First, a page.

Comparative negligence

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In the United States, comparative negligence is a system of apportioning recovery for a tort based on a comparison of the plaintiff's negligence with the defendant's. It contrasts with the doctrine of contributory negligence, which disallows recovery by a plaintiff whose actions in some way, however small, contributed to the tort.

[edit] Explanation

For example, plaintiff (P) and defendant (D) are driving in separate cars on a street. P is going five miles per hour over the speed limit and attempts to overtake D. D suddenly swerves into P's lane without checking to ensure the lane is clear. D hits P's car and causes $1,000 in damage. P sues D for the damage to his car.

At the conclusion of the trial, a jury finds that P is 40% responsible for the accident due to his speeding, and D is 60% responsible for the accident due to his failure to check traffic before changing lanes. Thus, P is awarded 60% of the damages he sustained, or $600. The other $400 in repairs P must pay on his own due to his actions.

Prior to the late 1960s, however, only a few states had adopted this system. When comparative negligence was adopted, three main versions were used. The first was called "pure" comparative negligence. A plaintiff who was, say, 90% to blame for an accident could recover 10% of his losses. (Of course, the defendant in such a case could recover 90% of his losses from the plaintiff.)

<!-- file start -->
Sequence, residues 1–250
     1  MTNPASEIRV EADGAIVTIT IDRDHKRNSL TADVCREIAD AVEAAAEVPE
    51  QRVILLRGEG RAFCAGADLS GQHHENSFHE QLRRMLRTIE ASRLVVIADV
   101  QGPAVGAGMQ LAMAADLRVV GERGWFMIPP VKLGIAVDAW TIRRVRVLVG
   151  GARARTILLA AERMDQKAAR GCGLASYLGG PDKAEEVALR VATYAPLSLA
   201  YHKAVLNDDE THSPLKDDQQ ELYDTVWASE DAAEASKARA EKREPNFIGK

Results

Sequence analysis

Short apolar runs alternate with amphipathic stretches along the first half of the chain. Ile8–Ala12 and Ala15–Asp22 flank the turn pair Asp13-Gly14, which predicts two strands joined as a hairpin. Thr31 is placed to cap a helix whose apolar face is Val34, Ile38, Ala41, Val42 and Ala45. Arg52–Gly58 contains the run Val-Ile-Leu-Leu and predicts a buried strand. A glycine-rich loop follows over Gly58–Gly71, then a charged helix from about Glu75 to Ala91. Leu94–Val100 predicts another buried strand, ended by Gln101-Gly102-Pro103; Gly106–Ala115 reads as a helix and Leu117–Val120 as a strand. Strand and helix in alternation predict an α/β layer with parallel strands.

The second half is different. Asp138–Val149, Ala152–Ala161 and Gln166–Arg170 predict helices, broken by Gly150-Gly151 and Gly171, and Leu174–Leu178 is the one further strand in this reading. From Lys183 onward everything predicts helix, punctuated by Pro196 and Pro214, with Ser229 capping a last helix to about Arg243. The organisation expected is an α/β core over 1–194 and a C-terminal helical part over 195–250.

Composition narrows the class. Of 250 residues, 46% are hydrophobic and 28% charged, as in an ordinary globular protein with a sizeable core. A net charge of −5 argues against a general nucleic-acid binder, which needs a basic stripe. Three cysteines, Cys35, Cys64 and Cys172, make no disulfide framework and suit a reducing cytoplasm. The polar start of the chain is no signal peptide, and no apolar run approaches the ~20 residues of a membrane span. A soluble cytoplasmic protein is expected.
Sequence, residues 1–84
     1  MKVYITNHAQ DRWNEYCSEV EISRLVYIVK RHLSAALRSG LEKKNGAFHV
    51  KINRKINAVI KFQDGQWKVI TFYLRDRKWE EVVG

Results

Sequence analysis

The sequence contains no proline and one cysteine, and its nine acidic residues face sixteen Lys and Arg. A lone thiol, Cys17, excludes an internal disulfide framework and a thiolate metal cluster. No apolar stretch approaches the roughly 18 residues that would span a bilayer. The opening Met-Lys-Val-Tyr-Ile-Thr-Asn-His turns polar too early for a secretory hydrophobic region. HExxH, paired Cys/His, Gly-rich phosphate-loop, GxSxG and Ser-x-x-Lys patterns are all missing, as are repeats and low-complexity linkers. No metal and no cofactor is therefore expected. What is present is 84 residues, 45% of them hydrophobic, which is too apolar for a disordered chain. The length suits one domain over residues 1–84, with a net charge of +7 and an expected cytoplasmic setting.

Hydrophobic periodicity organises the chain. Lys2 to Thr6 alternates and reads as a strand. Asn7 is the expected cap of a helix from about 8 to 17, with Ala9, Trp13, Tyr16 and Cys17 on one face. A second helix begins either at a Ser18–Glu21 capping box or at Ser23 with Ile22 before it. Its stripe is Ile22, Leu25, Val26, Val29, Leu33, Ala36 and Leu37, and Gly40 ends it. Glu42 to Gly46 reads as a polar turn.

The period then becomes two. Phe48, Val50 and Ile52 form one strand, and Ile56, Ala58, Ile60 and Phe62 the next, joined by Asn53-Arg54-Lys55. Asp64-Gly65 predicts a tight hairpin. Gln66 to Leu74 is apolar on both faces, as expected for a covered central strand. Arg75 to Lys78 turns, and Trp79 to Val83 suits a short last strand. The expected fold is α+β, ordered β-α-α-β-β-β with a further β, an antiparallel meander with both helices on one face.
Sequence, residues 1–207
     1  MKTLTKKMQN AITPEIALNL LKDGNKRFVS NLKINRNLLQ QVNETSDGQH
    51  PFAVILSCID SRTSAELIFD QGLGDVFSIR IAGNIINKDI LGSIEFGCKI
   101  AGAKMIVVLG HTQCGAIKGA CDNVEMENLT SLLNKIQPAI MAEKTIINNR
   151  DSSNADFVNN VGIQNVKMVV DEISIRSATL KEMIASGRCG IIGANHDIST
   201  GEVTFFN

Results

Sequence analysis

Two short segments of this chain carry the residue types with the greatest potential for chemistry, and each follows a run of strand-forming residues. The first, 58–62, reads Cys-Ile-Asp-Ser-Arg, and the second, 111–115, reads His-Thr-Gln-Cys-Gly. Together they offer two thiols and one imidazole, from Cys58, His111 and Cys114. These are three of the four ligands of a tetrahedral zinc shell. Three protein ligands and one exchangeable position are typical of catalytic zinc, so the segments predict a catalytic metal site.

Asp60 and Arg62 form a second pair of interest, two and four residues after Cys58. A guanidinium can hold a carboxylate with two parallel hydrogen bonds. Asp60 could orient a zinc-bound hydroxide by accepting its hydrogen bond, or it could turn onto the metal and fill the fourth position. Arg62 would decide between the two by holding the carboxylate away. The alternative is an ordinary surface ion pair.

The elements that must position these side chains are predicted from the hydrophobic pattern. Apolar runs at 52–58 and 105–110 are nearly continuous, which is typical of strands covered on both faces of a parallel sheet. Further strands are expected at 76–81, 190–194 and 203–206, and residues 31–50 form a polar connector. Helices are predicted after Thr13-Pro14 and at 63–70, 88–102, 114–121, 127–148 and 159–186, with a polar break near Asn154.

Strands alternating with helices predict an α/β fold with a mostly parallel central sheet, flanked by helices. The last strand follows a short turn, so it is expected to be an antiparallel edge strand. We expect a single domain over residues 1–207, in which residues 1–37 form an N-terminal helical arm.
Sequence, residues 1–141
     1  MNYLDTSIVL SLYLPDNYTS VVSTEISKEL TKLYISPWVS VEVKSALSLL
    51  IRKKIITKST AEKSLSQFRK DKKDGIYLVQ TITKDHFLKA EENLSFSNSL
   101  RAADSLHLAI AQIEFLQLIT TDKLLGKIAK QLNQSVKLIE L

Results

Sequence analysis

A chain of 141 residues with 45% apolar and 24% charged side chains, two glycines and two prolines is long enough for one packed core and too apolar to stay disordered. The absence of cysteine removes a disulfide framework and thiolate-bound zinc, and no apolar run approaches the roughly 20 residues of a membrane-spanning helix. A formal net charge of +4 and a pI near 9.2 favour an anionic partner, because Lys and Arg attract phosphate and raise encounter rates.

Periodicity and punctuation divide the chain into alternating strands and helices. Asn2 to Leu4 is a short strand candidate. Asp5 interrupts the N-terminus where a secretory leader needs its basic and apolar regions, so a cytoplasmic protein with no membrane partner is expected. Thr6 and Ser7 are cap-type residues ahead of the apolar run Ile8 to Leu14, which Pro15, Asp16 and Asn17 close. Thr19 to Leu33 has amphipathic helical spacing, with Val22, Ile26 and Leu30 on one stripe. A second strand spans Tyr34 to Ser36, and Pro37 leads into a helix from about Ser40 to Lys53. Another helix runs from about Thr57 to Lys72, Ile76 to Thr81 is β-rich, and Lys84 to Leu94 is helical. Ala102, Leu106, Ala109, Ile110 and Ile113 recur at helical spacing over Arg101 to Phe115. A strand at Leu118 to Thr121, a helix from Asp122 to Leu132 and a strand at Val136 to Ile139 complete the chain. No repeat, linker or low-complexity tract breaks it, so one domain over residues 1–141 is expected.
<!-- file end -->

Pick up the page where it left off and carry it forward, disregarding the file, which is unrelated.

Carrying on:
The second and third versions are lumped together in what is called "modified" comparative negligence. One variant allow plaintiffs to recover only if the plaintiff's negligence is "not greater than" the defendant's (viz., the plaintiff's negligence must be less than 51% of the defendant's).

The other variant allows plaintiff's to recover only if the plaintiff's negligence is "not as great as" the defendant's (viz., the plaintiff's negligence must be less than 50% that of the defendant's).

[edit] Contributory negligence doctrine

Some states, though, still use the contributory negligence doctrine when evaluating negligence in a tort. Alabama, for instance, has not adopted this. In Williams v. Delta Int'l Machinery Corp., (619 So.2d 1330, Ala. 1993), the court said: "(after) exhaustive study and these lengthy deliberations, the majority of this Court, for various reasons, has decided that we should not abandon the doctrine of contributory negligence, which has been the law in Alabama for approximately 162 years." Other states that still use contributory negligence are: Maryland, North Carolina, and Virginia. The District of Columbia also uses contributory negligence.

[edit] External links

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